In a famous review of Nathaniel Hawthorne's Twice-Told Tales, Poe defined the short story as follows:
A skilful literary artist has constructed a tale. If wise, he had not fashioned his thoughts to accommodate his incidents; but having conceived, with deliberate care, a certain unique or single effect to be wrought out, he then invents such incidents--he then combines such events as may best aid him in establishing this preconceived effect. If his very initial sentence tend not to the outbringing of this effect, then he has failed in his first step. In the whole composition there should be no word written, of which the tendency, direct or indirect, is not to the one pre-established design. And by such means, with such care and skill, a picture is at length painted which leaves in the mind of him who contemplates it with a kindred art, a sense of the fullest satisfaction. The idea of the tale has been presented unblemished, because undisturbed; and this is an end unattainable by the novel. Undue brevity is just as exceptionable here as in the poem; but undue length is yet more to be avoided.
Poe expected the reader of "The Cask of Amontillado" to make many deductions from the information his narrator Montresor provides. This is something new in fiction writing. It seems to foreshadow Ernest Hemingway's "iceberg theory." There is a great deal hidden beneath the surface in Poe's masterpiece. Much of this is deducible to "the mind of him who contemplates it with a kindred art."
For example, Montresor twice tells Fortunato, "I have my doubts." For one thing, this suggests that he is anxious to buy more of the Amontillado at the bargain price he mentions but that he has to be assured it is genuine. He has already bought and paid for the pipe of wine, i.e., 126 gallons. Why does he need to satisfy his doubts after the fact? The obvious deduction from his speech and body language is that he wants to buy more of the wine before word gets around that a shipment is being offered at a bargain price. That is why he pretends he is going to see Luchesi, since he pretends he was unable to find Fortunato.
Furthermore, by telling Fortunato he has his doubts about the wine, he is providing his friendly enemy with the notion that it would be easy to cheat him, to discourage him from buying more of it. Montresor has suffered a "thousand injuries" at the hands of Fortunato and knows him very well. He knows that if the wine really existed, Fortunato would sample it, lick his lips, frown, shake his head, and finally declare that it is only ordinary sherry. Then, assuming it was genuine Amontillado, this connoisseur would rush off to find the seller. It would have to be someone aboard a newly arrived ship from Barcelona, which would be easy for a man with Fortunato's experience to do. Fortunato is a rich man. He could buy up the entire cargo and make a fortune bottling and reselling it. When Montresor found out about it, he would laugh and call it an excellent jest.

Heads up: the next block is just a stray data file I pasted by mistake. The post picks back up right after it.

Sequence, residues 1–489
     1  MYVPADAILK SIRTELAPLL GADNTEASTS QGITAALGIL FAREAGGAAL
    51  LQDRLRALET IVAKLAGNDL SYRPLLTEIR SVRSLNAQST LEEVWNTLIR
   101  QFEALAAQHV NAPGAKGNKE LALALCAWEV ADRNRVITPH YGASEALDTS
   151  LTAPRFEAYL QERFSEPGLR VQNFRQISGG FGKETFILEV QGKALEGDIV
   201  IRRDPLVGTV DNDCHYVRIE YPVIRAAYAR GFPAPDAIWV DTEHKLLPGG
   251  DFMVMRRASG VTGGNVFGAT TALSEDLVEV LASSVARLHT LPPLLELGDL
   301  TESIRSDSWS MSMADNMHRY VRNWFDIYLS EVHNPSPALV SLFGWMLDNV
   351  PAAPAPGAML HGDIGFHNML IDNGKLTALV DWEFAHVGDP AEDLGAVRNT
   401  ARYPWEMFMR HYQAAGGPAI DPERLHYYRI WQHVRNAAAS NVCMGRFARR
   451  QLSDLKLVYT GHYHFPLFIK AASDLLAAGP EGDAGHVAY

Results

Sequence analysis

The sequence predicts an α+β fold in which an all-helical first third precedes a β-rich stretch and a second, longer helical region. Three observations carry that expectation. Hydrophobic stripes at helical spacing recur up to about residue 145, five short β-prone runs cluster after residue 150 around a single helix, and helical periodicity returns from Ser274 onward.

There is another reason which the person who contemplates the story with a kindred art should be able to deduce. If for some reason Fortunato cannot accompany Montresor to his palazzo that night, Fortunato will still want to taste this gourmet sherry at the earliest opportunity. Since the Amontillado does not really exist, as we ourselves realize later on, Montresor will have to bring Fortunato a bottle of ordinary sherry and claim that this came from the pipe--which means that he will have to concoct a whole new way of killing his hated enemy with impunity. Fortunato will taste the sample and know it is not genuine. He will assume Montresor has been cheated and will lose all further interest. Fortunato would undoubtedly learn that there was no Spanish ship in the harbor with a cargo of sherry, but Montresor could claim that the cask was delivered to him and he never saw where it came from. This supposed fact could partially explain why he has his doubts.
The statement "I have my doubts" is just one of dozens of clues to understanding the story, particularly to understanding how Montresor planned and executed the perfect crime he confesses to in his narrative. Every detail that raises questions in the reader's mind can be explained, not merely as plausible, but as essential to the author's creation of "a certain unique or single effect." The words "single effect" define the modern short story. Poe means a feeling, an emotional effect. "The Cask of Amontillado," with its chilling ending, is a perfect illustration of Poe's rationale.